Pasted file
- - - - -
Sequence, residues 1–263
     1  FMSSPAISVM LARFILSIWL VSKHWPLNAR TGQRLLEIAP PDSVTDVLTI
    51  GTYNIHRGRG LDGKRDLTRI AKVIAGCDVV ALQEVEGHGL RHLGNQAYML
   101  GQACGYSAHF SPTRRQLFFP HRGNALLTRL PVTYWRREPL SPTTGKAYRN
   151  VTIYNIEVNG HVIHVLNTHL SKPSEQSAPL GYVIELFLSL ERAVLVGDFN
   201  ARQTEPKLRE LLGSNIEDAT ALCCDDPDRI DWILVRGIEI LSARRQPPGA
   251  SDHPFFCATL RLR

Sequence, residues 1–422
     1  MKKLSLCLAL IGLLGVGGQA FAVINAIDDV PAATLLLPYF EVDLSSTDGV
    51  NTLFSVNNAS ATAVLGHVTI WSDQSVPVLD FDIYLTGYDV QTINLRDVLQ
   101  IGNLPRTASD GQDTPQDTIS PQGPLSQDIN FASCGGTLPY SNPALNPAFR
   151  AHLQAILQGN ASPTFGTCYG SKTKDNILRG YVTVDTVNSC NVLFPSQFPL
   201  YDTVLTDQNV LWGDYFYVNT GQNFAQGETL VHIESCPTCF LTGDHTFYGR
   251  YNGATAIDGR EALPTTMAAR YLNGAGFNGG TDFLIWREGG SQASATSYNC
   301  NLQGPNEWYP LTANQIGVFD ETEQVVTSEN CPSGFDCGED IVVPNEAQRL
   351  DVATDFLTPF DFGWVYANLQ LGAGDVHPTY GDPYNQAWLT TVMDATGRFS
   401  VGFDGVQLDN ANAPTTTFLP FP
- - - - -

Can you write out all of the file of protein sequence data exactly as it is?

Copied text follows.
Sequence, residues 1–263
     1  FMSSPAISVM LARFILSIWL VSKHWPLNAR TGQRLLEIAP PDSVTDVLTI
    51  GTYNIHRGRG LDGKRDLTRI AKVIAGCDVV ALQEVEGHGL RHLGNQAYML
   101  GQACGYSAHF SPTRRQLFFP HRGNALLTRL PVTYWRREPL SPTTGKAYRN
   151  VTIYNIEVNG HVIHVLNTHL SKPSEQSAPL GYVIELFLSL ERAVLVGDFN
   201  ARQTEPKLRE LLGSNIEDAT ALCCDDPDRI DWILVRGIEI LSARRQPPGA
   251  SDHPFFCATL RLR

Sequence, residues 1–422
     1  MKKLSLCLAL IGLLGVGGQA FAVINAIDDV PAATLLLPYF EVDLSSTDGV
    51  NTLFSVNNAS ATAVLGHVTI WSDQSVPVLD FDIYLTGYDV QTINLRDVLQ
   101  IGNLPRTASD GQDTPQDTIS PQGPLSQDIN FASCGGTLPY SNPALNPAFR
   151  AHLQAILQGN ASPTFGTCYG SKTKDNILRG YVTVDTVNSC NVLFPSQFPL
   201  YDTVLTDQNV LWGDYFYVNT GQNFAQGETL VHIESCPTCF LTGDHTFYGR
   251  YNGATAIDGR EALPTTMAAR YLNGAGFNGG TDFLIWREGG SQASATSYNC
   301  NLQGPNEWYP LTANQIGVFD ETEQVVTSEN CPSGFDCGED IVVPNEAQRL
   351  DVATDFLTPF DFGWVYANLQ LGAGDVHPTY GDPYNQAWLT TVMDATGRFS
   401  VGFDGVQLDN ANAPTTTFLP FP